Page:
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Gut on-chip for Screening of Ingestible Biomaterials Using In-situ Sensing

   lifETIME Centre for Doctoral Training

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  Dr G Cummins  No more applications being accepted  Funded PhD Project (Students Worldwide)

About the Project

Preclinical testing of medical devices is a primary reason for the increased cost and development time associated with these products. Organ-on-chip technology, whereby microfluidic devices mimic human physiology, has shown promise in reducing costs, increasing throughput, and improving reproducibility for drug development. However, there has been little done to adapt this technology for assessing the safety and compatibility of medical devices or their constituent materials. This project will modify a gut-on-chip model, which mimics the gastrointestinal tract, to enable rapid screening of materials for their use in an ingestible medical device. The gut-on-chip will be modified to allow insertion of material samples without disturbing the in vitro environment along with the integration of custom electrochemical and other sensors in collaboration with the industrial partner (Zimmer Peacock) to enable the automated capture of data regarding the material-tissue interactions. Finally, the system would be validated against established methods to determine biocompatibility. The student will get practical training in several techniques such as microengineering, biomaterial science, analytical and cell culture techniques. The student will be based in the School of Engineering of the University of Birmingham but will collaborate with partners in the School of Chemical Engineering and will be seconded to Zimmer Peacock.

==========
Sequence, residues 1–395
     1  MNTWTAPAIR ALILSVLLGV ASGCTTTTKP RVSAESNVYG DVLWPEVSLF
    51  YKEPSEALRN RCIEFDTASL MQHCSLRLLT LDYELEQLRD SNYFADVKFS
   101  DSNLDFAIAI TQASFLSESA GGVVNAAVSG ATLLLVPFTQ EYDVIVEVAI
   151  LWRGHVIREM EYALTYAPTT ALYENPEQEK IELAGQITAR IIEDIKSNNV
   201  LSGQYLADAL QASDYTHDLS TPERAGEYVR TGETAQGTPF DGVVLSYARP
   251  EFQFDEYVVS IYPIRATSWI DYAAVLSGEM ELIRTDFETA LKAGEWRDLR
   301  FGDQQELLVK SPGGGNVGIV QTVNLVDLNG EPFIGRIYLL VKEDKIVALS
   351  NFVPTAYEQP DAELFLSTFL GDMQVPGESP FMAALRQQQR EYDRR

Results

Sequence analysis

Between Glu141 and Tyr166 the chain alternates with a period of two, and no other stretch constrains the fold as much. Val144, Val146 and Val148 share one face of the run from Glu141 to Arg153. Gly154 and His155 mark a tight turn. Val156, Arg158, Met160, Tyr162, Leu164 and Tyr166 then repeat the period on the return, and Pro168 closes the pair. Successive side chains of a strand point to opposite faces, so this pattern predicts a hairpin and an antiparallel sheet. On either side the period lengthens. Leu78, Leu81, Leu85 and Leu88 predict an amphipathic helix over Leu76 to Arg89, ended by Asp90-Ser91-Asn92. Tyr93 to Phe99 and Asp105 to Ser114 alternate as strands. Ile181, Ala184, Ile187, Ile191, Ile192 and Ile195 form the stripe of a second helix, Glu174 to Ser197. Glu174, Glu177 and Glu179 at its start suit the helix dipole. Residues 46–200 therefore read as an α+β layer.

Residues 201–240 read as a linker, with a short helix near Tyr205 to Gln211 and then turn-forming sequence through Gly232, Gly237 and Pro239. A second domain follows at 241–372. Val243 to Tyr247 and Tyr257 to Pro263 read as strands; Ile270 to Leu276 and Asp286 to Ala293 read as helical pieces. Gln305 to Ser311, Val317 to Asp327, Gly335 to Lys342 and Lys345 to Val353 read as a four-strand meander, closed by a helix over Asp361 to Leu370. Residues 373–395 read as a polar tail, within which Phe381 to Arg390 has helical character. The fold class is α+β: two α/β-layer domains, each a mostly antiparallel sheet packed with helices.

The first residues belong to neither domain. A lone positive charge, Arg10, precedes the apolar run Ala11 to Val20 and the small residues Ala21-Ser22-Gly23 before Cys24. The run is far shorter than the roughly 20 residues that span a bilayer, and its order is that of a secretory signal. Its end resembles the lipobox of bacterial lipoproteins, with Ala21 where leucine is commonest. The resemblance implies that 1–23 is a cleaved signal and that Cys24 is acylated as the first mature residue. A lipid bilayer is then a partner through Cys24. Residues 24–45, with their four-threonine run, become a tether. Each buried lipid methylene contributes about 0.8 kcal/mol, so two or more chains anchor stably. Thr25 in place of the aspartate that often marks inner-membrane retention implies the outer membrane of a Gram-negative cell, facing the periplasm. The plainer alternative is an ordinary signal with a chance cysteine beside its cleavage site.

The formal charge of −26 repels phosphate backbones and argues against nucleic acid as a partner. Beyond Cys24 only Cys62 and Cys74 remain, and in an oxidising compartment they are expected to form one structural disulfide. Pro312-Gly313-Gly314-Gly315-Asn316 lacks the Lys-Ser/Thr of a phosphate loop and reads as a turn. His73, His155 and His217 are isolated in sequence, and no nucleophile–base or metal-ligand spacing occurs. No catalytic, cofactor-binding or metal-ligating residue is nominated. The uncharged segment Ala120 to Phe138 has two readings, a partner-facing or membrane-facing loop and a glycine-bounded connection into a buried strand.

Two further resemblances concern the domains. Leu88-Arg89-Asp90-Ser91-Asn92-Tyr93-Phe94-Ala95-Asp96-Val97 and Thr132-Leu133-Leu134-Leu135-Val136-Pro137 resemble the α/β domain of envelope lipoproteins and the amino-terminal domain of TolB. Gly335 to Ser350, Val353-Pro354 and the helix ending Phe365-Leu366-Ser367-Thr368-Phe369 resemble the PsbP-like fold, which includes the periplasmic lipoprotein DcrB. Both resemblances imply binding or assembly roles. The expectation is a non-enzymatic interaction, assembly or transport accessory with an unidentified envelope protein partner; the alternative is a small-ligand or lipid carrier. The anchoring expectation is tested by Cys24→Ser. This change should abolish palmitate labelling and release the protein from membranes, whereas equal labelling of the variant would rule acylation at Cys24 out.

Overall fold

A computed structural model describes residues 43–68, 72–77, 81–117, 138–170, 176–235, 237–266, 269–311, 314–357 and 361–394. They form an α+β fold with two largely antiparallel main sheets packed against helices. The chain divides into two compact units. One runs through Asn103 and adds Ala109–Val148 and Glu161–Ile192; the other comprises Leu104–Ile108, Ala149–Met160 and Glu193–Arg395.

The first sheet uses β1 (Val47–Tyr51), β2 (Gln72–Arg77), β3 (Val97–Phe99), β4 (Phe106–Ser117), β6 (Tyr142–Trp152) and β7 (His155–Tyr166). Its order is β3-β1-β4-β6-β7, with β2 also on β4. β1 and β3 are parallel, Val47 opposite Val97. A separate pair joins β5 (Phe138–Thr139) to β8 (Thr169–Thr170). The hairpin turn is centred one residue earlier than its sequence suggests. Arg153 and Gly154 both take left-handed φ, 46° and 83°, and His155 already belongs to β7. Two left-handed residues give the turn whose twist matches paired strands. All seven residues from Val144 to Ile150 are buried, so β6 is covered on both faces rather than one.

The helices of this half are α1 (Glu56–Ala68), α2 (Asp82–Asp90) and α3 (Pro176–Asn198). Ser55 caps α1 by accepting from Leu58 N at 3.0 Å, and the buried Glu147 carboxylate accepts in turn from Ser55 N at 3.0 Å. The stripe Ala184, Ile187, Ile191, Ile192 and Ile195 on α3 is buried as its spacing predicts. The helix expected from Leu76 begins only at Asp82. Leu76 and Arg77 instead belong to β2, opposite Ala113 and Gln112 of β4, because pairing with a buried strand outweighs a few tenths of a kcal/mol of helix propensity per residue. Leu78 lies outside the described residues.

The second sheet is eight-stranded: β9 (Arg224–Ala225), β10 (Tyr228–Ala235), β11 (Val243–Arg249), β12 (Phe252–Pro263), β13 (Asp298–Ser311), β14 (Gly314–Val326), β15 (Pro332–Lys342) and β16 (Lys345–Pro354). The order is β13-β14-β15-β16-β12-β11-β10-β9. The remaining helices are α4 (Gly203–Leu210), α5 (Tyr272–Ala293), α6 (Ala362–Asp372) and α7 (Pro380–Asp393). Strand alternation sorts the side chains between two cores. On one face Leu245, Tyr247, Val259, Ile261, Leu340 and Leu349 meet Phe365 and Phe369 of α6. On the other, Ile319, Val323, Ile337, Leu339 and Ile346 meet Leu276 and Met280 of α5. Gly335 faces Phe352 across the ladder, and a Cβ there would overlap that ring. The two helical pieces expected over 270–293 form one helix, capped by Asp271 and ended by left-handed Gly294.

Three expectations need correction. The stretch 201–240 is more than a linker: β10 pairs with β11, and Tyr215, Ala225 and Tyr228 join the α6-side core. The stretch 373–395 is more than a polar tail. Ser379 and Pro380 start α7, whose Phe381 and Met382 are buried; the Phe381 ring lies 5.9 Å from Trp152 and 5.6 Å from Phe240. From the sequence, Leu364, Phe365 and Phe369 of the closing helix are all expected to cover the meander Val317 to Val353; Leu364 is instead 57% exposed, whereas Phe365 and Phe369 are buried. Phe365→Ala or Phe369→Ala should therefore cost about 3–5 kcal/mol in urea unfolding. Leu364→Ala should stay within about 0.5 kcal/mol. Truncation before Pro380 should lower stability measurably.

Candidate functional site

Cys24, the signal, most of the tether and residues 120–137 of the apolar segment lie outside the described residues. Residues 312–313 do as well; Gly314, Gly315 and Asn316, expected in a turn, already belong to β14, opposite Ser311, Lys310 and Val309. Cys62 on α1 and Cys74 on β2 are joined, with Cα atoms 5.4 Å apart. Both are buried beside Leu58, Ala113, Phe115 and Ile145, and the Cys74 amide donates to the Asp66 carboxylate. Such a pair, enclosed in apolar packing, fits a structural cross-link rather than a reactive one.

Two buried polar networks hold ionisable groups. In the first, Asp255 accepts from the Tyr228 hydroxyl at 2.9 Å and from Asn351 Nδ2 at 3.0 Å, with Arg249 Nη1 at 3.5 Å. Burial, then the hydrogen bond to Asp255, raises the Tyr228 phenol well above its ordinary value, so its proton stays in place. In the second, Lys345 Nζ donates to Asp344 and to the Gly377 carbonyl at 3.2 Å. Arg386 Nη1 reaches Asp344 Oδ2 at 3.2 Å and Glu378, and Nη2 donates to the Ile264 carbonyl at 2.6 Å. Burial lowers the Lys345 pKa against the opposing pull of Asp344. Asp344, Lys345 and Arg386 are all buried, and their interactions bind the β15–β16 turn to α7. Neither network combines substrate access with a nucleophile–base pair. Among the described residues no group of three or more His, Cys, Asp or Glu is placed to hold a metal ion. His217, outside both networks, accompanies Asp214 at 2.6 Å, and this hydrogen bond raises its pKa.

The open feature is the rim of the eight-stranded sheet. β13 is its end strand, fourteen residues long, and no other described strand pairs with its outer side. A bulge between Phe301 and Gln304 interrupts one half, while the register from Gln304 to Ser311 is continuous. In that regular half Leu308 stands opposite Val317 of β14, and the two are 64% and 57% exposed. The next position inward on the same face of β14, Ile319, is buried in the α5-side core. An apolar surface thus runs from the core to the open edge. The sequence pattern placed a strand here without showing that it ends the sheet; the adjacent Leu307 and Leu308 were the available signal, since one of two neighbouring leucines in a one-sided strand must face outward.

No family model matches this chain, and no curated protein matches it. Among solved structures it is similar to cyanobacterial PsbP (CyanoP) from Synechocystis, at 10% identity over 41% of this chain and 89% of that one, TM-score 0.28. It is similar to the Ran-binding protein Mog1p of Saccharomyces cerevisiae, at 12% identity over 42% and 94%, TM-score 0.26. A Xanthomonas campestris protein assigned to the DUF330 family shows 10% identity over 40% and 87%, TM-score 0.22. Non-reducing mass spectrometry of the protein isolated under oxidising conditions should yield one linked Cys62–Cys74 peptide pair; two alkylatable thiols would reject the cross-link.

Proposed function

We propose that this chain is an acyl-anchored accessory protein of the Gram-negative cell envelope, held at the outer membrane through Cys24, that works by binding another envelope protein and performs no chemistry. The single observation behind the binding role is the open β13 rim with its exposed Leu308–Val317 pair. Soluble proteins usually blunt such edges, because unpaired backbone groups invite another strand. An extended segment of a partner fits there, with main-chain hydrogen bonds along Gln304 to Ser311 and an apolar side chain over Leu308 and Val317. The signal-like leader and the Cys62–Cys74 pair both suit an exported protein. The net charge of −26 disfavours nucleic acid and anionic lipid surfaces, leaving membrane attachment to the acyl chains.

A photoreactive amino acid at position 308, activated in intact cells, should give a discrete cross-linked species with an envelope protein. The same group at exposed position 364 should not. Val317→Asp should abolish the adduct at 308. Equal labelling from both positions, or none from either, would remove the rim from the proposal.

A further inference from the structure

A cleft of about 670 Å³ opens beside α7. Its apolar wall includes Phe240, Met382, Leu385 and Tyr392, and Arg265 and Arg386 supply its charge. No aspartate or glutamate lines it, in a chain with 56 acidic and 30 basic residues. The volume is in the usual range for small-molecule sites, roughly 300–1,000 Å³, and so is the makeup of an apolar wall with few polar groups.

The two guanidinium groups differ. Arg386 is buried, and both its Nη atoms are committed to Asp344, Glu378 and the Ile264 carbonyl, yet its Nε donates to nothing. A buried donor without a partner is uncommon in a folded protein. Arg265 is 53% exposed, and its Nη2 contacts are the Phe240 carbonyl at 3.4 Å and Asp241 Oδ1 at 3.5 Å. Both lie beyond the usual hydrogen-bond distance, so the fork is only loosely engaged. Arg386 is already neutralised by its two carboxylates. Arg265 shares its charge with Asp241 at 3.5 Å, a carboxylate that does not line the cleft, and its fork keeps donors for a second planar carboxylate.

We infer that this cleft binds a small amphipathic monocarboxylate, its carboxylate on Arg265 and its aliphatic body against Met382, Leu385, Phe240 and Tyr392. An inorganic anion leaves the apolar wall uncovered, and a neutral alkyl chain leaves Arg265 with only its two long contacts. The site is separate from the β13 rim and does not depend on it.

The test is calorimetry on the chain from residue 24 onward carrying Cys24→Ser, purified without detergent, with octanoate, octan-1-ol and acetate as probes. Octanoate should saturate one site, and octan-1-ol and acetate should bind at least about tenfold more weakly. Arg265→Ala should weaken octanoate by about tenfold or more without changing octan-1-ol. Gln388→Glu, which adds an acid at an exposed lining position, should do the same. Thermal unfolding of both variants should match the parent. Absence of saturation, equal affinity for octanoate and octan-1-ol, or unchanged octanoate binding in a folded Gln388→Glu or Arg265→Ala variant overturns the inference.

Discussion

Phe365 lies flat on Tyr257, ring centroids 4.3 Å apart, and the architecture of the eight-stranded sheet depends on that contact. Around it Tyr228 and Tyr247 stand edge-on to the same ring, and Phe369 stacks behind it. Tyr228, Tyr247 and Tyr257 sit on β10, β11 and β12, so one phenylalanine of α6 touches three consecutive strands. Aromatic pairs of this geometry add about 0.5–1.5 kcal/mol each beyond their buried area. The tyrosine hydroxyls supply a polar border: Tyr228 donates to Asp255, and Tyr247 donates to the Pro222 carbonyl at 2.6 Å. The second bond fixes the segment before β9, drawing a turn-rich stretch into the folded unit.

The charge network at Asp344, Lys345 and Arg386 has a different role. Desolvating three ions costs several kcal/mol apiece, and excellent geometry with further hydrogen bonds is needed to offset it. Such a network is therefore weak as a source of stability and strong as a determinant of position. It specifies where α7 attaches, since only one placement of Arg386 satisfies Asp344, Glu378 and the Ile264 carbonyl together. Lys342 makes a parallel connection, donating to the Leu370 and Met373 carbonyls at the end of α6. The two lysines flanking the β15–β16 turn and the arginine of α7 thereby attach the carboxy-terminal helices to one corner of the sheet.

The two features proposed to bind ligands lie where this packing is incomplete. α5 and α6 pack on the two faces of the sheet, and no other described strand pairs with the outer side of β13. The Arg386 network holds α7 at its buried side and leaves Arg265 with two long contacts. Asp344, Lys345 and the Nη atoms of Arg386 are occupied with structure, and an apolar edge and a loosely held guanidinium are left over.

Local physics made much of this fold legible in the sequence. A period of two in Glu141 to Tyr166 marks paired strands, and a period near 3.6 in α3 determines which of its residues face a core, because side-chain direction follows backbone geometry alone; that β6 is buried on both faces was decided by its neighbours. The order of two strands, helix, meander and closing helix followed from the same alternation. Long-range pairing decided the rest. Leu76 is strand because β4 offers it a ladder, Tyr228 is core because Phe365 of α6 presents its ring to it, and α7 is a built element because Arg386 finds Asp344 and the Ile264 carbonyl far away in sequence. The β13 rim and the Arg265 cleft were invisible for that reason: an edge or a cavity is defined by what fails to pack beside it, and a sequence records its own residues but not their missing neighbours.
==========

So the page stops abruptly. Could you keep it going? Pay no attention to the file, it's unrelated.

This PhD project is part of CDT in Engineered Tissues for Discovery, Industry and Medicine, a partnership between the University of Glasgow, University of Birmingham, Aston University and National University of Ireland Galway. The CDT will train the next generation of interdisciplinary (engineering, chemistry, physics, maths and biology) leaders in developing in vitro tissues, sensing and diagnostics to develop humanised in vitro systems to drive better drug screening.

For more information about the benefits of the programme, funding, eligibility and EDI support please refer to our main CDT advert.

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